You can’t plan the decisive images and action shots you capture. These require you to focus solely on your subject and take photos as events change or unfold. These images are photographed spontaneously and intuitively.

Nikon has a quick tip for capturing great action shots. All you need to do is find the continuous shooting mode on your camera.

Whether you’re taking action shots or portraits, consider your impact on the person, event, or activity. Practice working unobtrusively to minimize your effect on the subject. You can achieve this in the following ways:

Take the photos: Get the right shots

When you’ve done your research and connected with the individuals who can grant permission to take photos of the subject, get out your camera and go to work. Take a variety of photographs that capture different aspects of your topic.

There’s a limit to the story you can tell by being static and recording the subject from only one vantage point. Move around and explore a variety of distances from the subject. Plus, you must be a witness or participant rather than a spectator.

The images that create a well-crafted photographic story can be grouped into four categories. Not all stories contain images from each category, but combining photos from most of these categories makes for a better story.

Environment or establishing image. Look for a vantage point where you can place the subject in context with the environment. If a photo essay is about a tulip farm in a valley, show your audience a view of the valley to set the scene or create a mood. This photo is your establishing shot, but it doesn’t have to appear first in the story.

Action image or decisive moment. This medium-distance shot captures the action and interaction of the subject and the surroundings. Many of your photo essay images fall into this category. Unless the activity unfolds quickly and a sequence is required, change vantage points frequently. Too many images of the same action from the same vantage point are visually repetitive.

Portrait and environmental portraits. People are interested in people and viewers want to identify and make a connection with the characters of the story. Create visual interest by taking photos at different distances. Take headshots and portraits where the subject is seen in the story’s location.

Close-up and detail images. These photos identify significant details in the scene. The detail is enlarged to draw the viewer’s attention to it or increase the amount or quality of the information. Detail images may allow the viewer to read an inscription or see a close-up of the subject, such as a person’s hands at work.

Choose your photos: Tips to create a photographic essay

Finally, it’s time to choose the photos you’ll use in the story. In this stage, select images that work together and create a cohesive narrative. And if your audience needs some context to follow your story, add captions or short titles.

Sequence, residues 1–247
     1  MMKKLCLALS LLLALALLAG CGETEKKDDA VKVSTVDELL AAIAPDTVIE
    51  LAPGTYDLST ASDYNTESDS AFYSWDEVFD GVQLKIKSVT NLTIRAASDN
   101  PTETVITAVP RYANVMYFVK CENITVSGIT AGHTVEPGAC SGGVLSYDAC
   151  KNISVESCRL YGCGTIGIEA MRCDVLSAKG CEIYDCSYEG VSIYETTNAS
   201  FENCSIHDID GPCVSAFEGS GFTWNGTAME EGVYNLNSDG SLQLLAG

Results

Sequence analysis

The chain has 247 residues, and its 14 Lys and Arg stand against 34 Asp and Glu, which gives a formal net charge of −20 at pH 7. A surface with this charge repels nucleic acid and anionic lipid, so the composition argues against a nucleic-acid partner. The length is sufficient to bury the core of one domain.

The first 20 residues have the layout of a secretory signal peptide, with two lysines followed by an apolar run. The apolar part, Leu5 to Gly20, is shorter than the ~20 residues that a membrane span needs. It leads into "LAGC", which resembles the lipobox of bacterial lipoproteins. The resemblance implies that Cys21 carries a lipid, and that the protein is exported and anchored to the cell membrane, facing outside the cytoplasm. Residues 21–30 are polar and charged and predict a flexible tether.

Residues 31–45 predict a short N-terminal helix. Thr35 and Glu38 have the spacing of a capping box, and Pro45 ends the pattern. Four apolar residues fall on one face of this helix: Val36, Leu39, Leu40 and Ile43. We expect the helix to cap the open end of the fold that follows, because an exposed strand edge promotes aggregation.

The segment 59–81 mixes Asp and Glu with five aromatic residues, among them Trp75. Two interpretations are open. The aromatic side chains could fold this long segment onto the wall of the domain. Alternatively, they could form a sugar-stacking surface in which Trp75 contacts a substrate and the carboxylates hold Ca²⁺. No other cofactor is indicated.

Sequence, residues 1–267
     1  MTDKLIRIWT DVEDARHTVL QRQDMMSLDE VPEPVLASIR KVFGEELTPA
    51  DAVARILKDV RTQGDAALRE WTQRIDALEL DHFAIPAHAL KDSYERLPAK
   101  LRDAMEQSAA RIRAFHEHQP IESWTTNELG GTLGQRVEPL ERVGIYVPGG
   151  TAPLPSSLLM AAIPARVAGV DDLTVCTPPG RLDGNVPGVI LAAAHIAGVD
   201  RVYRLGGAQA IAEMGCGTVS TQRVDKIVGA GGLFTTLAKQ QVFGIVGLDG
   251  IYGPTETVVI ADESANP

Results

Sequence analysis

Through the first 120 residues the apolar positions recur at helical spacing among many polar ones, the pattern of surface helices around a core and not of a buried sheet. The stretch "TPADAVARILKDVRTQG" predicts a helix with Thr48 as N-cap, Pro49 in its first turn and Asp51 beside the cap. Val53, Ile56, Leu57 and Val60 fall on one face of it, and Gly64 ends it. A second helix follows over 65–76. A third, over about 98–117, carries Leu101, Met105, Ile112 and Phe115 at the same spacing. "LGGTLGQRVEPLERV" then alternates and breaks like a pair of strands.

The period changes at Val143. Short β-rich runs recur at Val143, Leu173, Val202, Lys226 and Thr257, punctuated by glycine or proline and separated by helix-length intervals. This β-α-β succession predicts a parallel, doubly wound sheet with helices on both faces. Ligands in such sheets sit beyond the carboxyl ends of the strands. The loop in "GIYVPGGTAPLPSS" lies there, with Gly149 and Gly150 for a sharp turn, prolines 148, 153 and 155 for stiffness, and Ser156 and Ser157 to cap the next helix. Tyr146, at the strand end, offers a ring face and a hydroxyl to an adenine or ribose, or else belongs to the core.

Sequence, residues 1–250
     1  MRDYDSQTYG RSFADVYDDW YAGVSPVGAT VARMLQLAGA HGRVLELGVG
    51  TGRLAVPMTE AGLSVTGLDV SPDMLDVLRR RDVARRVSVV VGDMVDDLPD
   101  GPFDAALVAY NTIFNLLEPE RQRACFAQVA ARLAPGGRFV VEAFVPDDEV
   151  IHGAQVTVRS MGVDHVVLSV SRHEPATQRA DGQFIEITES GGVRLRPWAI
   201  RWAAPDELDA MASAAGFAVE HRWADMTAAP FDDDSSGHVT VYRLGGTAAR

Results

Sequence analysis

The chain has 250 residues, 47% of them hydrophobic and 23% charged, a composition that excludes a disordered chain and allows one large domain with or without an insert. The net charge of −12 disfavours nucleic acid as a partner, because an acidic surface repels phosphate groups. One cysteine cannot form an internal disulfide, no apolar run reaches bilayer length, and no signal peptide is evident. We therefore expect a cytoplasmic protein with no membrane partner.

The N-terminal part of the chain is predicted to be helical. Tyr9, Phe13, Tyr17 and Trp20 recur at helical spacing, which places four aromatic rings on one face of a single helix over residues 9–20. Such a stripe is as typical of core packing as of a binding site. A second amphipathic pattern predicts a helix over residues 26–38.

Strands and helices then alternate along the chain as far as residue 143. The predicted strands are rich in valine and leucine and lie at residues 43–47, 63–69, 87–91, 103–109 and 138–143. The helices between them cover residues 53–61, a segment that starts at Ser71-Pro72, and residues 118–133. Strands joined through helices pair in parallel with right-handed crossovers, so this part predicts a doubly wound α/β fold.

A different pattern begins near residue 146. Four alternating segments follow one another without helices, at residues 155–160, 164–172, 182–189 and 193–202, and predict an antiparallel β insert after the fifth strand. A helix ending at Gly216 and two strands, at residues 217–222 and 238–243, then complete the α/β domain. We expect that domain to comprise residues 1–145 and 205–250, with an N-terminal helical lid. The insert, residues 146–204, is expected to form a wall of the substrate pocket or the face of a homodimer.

As you work through your plan and create the photo essay, remember that you control the messages the images communicate. Consider how those messages might make others feel or persuade them to think a certain way. What effect do you want your photo essay to have on people?

The aim of editing your photos is to select a series of images that narrate a compelling story. Editing can be the most demanding aspect of the process. It requires focus, energy, and maybe a compromise between what you wanted to communicate and what can be said with the photos you took.

Don’t get emotionally connected to the content of the images. When you detach yourself from your work, you can focus on the photos and how they narrate the story, how effectively they tell it, and how suitable the content is for your audience.

Here’s the process you’ll follow:

Create a shot list or storyboard. It will help you organize your photos and visualize how the story progresses.

After you’ve selected the photos and settled on the order they will appear, it’s time to write the captions. These captions should provide context for the photographs and help tell the story. But keep them short.

A photographic essay focuses on visuals and is a series of photos that tell a story.

What’s next? Create the photographic essay and publish it

Creating a photo essay can be a lot of work, but it’s a rewarding experience. If you want to tell a story through photography, a photo essay is a great way to do it.

How do you share your story with your audience? You have several options. If you designed a portfolio website, this is a great place to start. Along with sharing your story, you can show prospective clients your creative side and your flexibility.

When you want to reach a wider audience, publish your photo essay on social media.

Or, if you’d rather keep your photo essay private, create a photographic essay as a slideshow that you can share when you get together with friends and family. Play the slideshow on a TV or computer screen for some after-dinner entertainment.